The number of deaths on Irish roads has risen this year compared to last year, despite the country being under coronavirus restrictions.
Car crashes have also seen a dramatic increase despite significant reductions in traffic volumes.
During the first 13 days of level five restrictions, the number of crashes reported by AA Roadwatch trebled when compared to the first 13 days of the March lockdown: 37 compared to 11.
Similarly a total of 65 'traffic incidents' were reported during the same period - up from 24 in March.
Director of consumer affairs with AA Ireland, Conor Faughnan, told Pat Kenny the increase in deaths is perplexing.
"It is a bit of a mystery - we're watching this very carefully, this is what AA Roadwatch does every day".
"We build up a databank of information that we're able to look back on and analyse - and there's a significant difference between lockdown one and lockdown two.
"Lockdown one back in March dropped traffic volumes to around about 30/35% of normal.
"So they never got down to zero, but it was very, very quiet almost eerily so on a lot of those commuter routes people will remember.
"And a lot of people are observing, and I'm sure you're hearing Pat, that lockdown two doesn't feel the same... and the data bears that out.
"So we're looking at the current lockdown, and we have traffic volumes at about 65% of normal - so double what it was in March - while still below a normal October/November.
"And we're seeing that I guess everywhere across the country - but we're certainly seeing the commuting volumes are returning."
'A different feel to lockdown two'
He said this is "partly because schools have been open, partly because construction traffic hasn't stopped."
"But there's a very different feel to lockdown two compared to lockdown one.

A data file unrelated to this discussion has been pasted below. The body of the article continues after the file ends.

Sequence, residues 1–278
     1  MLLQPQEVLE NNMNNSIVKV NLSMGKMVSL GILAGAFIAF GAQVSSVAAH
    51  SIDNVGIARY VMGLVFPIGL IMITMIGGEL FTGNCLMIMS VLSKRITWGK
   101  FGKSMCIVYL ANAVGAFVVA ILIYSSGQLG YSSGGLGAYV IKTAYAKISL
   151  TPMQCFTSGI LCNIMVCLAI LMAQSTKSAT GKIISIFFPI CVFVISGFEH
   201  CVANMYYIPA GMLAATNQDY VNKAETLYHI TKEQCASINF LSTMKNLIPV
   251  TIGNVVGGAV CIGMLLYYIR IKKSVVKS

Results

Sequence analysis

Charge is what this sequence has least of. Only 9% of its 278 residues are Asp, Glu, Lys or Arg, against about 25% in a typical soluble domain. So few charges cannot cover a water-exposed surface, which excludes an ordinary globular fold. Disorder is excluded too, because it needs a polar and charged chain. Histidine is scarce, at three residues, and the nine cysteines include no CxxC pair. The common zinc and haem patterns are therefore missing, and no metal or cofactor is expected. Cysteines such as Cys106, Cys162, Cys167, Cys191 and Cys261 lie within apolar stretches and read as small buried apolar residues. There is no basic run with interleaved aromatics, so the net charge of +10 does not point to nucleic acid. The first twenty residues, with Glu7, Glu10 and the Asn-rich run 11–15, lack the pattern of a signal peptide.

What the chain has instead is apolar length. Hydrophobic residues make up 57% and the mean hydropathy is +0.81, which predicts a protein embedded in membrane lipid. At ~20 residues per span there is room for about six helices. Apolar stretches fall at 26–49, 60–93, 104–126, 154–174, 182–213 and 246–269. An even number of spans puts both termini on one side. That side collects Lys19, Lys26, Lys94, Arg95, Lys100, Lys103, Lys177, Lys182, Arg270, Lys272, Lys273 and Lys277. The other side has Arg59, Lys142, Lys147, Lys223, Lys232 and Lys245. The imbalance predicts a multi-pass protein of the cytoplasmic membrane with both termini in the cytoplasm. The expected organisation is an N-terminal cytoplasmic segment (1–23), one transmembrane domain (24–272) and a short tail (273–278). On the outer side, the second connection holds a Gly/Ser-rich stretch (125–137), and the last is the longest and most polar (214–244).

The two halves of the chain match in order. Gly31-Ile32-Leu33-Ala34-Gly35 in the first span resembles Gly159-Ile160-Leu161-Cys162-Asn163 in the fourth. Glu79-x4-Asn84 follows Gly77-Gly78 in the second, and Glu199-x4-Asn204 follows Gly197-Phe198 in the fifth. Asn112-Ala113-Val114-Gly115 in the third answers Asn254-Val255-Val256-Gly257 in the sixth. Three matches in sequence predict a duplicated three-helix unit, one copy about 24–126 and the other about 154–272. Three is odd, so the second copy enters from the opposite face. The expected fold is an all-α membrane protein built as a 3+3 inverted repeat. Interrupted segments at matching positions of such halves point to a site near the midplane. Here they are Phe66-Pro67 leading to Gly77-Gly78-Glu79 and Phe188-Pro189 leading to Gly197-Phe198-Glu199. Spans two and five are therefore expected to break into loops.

"We're seeing that in crashes as well".
Road deaths are also up, which Conor said "truly is a mystery".
"I don't have a glib reason why that might be, it does need to be analysed, but it's a real factor".
He said Irish road deaths have dropped enormously over the last 20 years.
"We're now averaging about 150 road deaths per year, it's still an ugly number, but much better than it used to be.
"But there doesn't seem to be a good reason why - with a very significant drop in traffic in 2020 - the number of deaths should go up."
"We've had 10 more deaths year to date this year, compared to last year.
"I think that might be because there's a sense, almost a complacent sense, roads appear quiet and therefore speeds might drift up.
"But that's what I feel rather than what I know, if you like.
"It will merit closer study, but it genuinely is a mystery".
Figures show that in the first two weeks of level five restrictions, traffic volumes on major routes across the country fell to approximately 60% to 65% of levels seen during a typical weekday in October.
In contrast, during the initial weeks of the first lockdown in March, many routes were recording as low as 35% of their typical weekday volumes.